Increasing Spermatogenesis in Hypogonadotropic Men

"Like urinary FSH, recombinant FSH in combination with HCG seems to induce spermatogenesis in hypogonadotropic men" See Drug Treatment of Male Fertility Disorders by Gerhard Haidl, et al. and specifically the discussion of HCG therapy therein. This article is located at URL: http://www.asiaandro.com/1008-682X/2/81.htm (Source: Wikipedia).

The Decline in Gonadal Stimulating Pituitary Hormone LH (Luteinizing hormone)

The natural decline in male testosterone production that occurs with aging is attributed to a decline in the gonadal stimulating pituitary hormone LH (Luteinizing hormone). As a result of the hypothalamus secreting less gonadoropin-releasing hormone (GhRH), which stimulates the pituitary gland to produce LH, the pituitary gland produces declining amounts of LH. This decrease in the pituitary secretion of LH reduces the stimulation of the gonads or male testes and results in declining testosterone and sperm production due to the decreased function of the gonads.

The decreased stimulation of the testes by the pituitary's diminished secretion of LH can also cause testicular atrophy. HCG stimulates the testis in the same manner as naturally produced. HCG Therapy is administered medically to increase male fertility by stimulating the testes to produce more sperm cells and thereby increase sperm count or Spermatogenesis.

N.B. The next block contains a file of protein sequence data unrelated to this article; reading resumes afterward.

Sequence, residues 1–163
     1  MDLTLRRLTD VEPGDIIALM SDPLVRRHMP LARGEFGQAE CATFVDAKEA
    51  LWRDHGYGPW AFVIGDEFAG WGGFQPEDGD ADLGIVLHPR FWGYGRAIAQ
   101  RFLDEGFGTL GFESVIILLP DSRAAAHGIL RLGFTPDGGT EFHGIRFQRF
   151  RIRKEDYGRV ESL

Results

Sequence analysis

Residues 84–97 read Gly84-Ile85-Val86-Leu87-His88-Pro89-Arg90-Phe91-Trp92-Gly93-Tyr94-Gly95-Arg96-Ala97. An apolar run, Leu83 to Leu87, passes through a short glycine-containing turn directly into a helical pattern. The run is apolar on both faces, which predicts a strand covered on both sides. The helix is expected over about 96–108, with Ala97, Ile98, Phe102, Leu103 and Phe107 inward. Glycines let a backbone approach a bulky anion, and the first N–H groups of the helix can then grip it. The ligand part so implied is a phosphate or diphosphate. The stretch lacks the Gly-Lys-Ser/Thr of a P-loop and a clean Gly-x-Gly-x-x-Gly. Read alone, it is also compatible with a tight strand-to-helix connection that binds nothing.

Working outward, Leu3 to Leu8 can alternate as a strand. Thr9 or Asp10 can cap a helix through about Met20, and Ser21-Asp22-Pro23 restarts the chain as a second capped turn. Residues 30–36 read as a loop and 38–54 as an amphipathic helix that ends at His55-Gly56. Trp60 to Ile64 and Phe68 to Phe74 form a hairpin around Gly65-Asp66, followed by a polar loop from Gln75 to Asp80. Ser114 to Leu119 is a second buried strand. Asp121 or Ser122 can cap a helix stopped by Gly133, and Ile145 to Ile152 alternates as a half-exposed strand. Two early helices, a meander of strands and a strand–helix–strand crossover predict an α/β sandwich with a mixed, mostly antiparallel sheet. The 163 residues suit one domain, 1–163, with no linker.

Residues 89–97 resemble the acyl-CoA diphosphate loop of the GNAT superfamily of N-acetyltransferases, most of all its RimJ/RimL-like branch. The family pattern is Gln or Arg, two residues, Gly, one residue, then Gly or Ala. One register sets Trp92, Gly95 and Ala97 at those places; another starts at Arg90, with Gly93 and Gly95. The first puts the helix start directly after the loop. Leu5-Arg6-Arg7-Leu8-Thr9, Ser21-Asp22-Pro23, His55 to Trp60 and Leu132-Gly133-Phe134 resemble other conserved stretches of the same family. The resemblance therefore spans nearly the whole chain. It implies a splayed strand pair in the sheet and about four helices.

How HCG Therapy Increases Plasma Testosterone Level in Hypogonadotropic Men

HCG therapy uses the body's own biochemical stimulating mechanisms to increase plasma testosterone level during HCG therapy. It is used to stimulate the testes of men who are hypogonadal or lack sufficient testosterone.

The male endocrine system is responsible for causing the testes to produce testosterone. The HPTA (hypothalamic-pituitary-testicular axis) regulates the level of testosterone in the bloodstream. and . The hypothalamus produces gonadotropin-releasing hormone (GnRH), which stimulates the pituitary gland to release Luteinizing hormone (LH).

LH released by the pituitary gland then travels from the pituitary via the blood stream to the testes where it triggers the production and release of testosterone. Without the continuing release of LH by the pituitary gland, the testes would shut down their production of testosterone, causing testicular atrophy and stopping natural testosterone produced by the testes.

As men age the volume of hypothalamus produced gonadotropin-releasing hormone (GnRH) declines and causes the pituitary gland to release less Luteinizing hormone (LH). The reduction if the volume of LH released by the Pituitary gland decreases the available LH in the blood stream to stimulate the testes to produce testosterone.

In males, HCG mimics LH and increases testosterone production in the testes. As such, HCG is administered to patients to increase endogenous (natural) testosterone production. The HCG medication administered combines with the patient's own naturally available LH released into the blood stream by the Pituitary gland and thereby increases the stimulation of the testes to produce more testosterone than that produced by the Pituitary released LH alone. The additional HCG added to the blood stream combined with the Pituitary gland's naturally produced LH triggers a greater volume of testosterone production by the testes, since HCG mimics LH and adds to the total stimulation of the testes.